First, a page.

- Skin it. If the skin is still on the belly, remove it and use it to make cracklins. It is sometimes hard to tell if it is still there. It is usually a darker tan color compared to creamy colored fat. You should be able to make a cut in fat with your thumbnail. Your thumbnail will only make a dent in skin. Leaving skin on causes problems for salt penetration, and when you fry it, the skin gets very hard and you probably won't like the texture. Removing the skin can be tricky. Sometimes you can grip a corner with your fingers and run a knife under the skin to peel it back by running the knife between the skin and fat. Sometimes you just have to shave it off with a sharp knife.
- Cure it. Pour everything except the meat into a zipper bag large enough to hold the belly. A 1 gallon (4 L) bag will hold a single 3 pound (1.4 kg) slab. Zip the bag and squish everything around until well mixed. Now add the belly, squeeze out the air as much as possible and squish some more rubbing the cure into the belly and coat all sides. Put the bag in a pan to catch leaks and place in the fridge at 34 to 38°F (1.1 to 3.3°C). The belly will release liquid so every day or two you want to gently massage the bag so the liquid and spices are well distributed, and flip the bag over. NOTE: If you use more than one slab in a bag it is crucial that the slabs do not overlap each other. Thickness matters!
- Rinse off the cure. Remove the belly from the bag, and throw the liquid away. Quick rinse it to wash off any thick deposits of salt on the surface. Most recipes tell you to let the slab dry for 24 hours so the smoke will stick better, but, as the AmazingRibs.com science advisor Dr. Greg Blonder has proven, smoke sticks better to wet surfaces, so this extra step isn't necessary.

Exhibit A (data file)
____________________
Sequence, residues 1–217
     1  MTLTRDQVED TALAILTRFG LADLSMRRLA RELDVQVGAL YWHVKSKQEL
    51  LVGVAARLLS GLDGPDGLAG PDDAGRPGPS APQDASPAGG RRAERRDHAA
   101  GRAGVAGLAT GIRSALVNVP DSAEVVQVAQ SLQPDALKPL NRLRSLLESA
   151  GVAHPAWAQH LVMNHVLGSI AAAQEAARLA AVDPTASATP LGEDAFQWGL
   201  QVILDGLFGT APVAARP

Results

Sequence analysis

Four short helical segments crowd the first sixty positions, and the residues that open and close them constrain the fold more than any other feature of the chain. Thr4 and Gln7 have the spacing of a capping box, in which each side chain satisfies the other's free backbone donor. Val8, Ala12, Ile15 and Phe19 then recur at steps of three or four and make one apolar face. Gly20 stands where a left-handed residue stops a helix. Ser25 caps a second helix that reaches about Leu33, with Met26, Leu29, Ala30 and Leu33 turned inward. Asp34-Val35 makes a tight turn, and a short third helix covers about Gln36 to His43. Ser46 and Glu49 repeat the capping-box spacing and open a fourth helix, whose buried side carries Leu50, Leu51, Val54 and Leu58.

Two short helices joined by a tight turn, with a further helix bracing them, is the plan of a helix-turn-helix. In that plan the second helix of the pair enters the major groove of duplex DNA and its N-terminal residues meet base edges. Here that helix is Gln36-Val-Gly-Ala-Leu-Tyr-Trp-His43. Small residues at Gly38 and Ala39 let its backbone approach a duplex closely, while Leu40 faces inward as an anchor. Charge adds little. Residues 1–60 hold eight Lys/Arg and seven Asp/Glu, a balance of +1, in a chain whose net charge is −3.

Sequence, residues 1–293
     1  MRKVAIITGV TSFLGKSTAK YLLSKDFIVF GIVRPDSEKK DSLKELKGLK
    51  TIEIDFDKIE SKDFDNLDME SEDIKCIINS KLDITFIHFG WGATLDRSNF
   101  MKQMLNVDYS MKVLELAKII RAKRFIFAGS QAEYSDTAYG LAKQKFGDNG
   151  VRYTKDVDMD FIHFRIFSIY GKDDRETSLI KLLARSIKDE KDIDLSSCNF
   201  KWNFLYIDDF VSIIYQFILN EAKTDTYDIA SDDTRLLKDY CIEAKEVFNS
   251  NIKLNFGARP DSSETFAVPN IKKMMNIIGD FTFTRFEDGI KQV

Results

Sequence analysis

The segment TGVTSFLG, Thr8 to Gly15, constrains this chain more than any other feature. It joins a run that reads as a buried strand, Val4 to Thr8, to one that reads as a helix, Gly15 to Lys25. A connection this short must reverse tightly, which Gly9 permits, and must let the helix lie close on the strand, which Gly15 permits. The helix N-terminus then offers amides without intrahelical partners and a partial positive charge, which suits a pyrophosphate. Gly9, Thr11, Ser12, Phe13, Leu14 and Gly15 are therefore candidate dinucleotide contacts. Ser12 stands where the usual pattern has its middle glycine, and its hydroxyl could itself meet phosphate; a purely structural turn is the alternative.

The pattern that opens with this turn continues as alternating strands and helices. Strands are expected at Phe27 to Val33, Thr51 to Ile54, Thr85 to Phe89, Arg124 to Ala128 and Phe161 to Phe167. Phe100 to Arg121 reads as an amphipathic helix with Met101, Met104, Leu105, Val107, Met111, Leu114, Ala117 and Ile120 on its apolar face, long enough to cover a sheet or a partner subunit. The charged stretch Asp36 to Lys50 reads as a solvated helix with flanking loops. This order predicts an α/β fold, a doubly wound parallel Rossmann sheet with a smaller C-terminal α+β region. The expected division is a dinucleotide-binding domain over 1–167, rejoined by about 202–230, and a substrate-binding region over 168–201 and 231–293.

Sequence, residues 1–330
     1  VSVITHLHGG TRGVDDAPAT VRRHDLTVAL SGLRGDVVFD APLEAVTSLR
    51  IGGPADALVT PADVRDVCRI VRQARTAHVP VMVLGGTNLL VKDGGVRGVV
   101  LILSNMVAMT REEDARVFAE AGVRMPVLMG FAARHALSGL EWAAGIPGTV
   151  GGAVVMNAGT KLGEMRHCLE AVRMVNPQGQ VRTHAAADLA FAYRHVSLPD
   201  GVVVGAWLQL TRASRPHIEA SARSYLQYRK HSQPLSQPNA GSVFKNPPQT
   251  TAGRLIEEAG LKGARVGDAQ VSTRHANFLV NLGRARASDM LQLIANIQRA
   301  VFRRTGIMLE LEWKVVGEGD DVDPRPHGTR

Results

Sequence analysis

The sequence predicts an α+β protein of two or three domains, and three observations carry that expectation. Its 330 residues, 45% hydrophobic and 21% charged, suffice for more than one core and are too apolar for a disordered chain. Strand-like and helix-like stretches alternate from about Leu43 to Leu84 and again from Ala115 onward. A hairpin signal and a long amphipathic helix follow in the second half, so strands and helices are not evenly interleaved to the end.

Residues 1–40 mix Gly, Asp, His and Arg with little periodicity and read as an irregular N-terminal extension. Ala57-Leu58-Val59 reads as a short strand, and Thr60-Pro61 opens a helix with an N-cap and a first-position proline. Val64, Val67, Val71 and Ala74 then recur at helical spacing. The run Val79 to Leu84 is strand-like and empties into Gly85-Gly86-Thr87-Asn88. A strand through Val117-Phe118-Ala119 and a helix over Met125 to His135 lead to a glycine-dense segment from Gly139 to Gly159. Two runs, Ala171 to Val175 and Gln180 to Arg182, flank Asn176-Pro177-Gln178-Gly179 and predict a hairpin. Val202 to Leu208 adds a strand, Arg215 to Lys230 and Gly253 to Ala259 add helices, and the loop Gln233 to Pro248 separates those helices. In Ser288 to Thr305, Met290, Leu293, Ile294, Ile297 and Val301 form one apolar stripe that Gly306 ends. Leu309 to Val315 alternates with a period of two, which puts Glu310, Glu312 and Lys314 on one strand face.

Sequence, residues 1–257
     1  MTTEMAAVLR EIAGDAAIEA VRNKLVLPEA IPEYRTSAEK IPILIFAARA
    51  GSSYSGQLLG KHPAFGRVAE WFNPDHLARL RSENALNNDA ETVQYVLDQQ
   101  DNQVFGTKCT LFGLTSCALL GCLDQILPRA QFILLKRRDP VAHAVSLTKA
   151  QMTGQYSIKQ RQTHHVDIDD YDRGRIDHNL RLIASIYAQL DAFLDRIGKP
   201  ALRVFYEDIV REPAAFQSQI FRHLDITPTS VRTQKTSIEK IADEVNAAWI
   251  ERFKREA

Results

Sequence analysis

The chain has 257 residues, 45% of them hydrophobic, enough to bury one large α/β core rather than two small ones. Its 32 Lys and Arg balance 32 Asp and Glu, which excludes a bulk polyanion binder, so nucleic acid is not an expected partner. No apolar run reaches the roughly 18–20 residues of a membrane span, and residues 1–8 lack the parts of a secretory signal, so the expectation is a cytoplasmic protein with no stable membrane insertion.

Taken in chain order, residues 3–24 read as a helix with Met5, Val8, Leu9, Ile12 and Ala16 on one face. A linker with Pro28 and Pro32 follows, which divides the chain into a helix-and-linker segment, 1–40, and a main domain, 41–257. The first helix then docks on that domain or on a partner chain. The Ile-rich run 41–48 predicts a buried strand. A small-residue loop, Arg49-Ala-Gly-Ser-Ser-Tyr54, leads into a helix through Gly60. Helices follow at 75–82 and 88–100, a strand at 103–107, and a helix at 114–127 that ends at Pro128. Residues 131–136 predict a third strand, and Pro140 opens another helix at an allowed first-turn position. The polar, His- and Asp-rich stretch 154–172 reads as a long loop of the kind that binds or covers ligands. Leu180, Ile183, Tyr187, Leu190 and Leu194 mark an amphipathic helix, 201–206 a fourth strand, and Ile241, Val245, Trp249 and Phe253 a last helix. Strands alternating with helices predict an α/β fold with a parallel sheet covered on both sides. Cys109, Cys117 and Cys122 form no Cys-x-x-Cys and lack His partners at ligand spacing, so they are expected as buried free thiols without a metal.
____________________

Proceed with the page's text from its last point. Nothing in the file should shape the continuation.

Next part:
- Fire up. If you are using a grill, set up for 2-zone cooking or fire up your smoker.
- Cook. Smoke over indirect heat at 225°F (107.2°C) until the internal temp is 150°F (65.6°C), about 2 hours. You can use any wood you like. Hickory is the tried and true. I'm partial to cherry and applewood. After smoking you should slice off the ends, which may be very dark and more heavily seasoned, and taste them right away. They will be more salty than the innards and the fat will be a bit stringy, but you'll love it all the same. Just wait til you cook up an inside slice!
- Cool. Now let it cool on a plate in the fridge. Cold bacon is easier to slice. Use on a slicer if you have one, or use a long thin knife to slice it. Try some thin and some thick slices. You can also cut bacon in cubes to make lardons and use them like bacon bits in salads, mashed potatoes, mac and cheese, baked beans, in sauces or to garnish chops, or roasts.
- Wrap it tightly with several layers of plastic wrap, and then a layer of foil, and refrigerate for up to 2 weeks or freeze for up to 3 months. Do not wrap in foil alone because it can react with the salt.
- Slice. Slice it across the grain. For evenly thick slices, a slicing machine is the best choice, but I rarely use mine because it is a pain to clean. Besides, I like to keep the slab intact and tightly wrapped in the fridge or freezer to reduce exposure to oxygen which can make the fat taste funny in a week or two. When I make bacon I usually shoot for hunks 6 to 8" (15.2 to 20.3 cm) wide across the grain to make sure my thin 9" (22.9 cm) knife and frying pan fit. If you put a slab in the freezer for 15 minutes or so it gets stiffer and easier to slice.
- Cook. When you are hungry, cook it just like you do store bought bacon. Or make candied bacon like in this video.
- Save the bacon drippings. While your bacon is cooking lay out a section of newspaper several sheets thick, and cover it with a layer of paper towels. As soon as the bacon is done, move it to the paper towel to drain. Let the fat in the pan cool a bit and then pour it in a glass jar and refrigerate. Hot bacon can melt a plastic tub, so be careful. Save the fat for up to a month and use it to fry. Broccoli and potatoes are especially good cooked in bacon grease.